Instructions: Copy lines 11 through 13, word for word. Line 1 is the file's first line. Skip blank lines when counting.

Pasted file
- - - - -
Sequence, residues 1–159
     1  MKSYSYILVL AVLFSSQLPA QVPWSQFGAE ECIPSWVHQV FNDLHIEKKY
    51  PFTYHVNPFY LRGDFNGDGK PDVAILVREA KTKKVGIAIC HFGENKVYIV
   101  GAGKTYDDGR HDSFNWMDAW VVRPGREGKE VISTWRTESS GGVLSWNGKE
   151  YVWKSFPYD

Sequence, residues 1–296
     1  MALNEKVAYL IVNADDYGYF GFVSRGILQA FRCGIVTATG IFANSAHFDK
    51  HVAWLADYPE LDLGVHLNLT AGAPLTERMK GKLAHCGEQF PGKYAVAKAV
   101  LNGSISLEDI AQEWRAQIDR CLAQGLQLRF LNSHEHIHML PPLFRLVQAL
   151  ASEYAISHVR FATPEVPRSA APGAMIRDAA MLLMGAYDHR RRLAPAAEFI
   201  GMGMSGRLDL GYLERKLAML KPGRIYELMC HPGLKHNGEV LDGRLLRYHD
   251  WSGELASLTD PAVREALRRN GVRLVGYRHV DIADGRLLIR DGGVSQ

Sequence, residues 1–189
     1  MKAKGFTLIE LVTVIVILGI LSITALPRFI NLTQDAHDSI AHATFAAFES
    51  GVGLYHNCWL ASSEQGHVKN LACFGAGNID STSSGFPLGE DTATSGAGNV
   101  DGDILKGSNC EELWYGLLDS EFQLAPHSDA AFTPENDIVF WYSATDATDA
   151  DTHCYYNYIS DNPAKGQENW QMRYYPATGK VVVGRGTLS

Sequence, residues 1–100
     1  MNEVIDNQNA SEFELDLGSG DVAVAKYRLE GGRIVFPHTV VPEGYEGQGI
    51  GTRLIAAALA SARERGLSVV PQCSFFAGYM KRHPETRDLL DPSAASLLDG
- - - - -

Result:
   201  GMGMSGRLDL GYLERKLAML KPGRIYELMC HPGLKHNGEV LDGRLLRYHD
   251  WSGELASLTD PAVREALRRN GVRLVGYRHV DIADGRLLIR DGGVSQ

Sequence, residues 1–189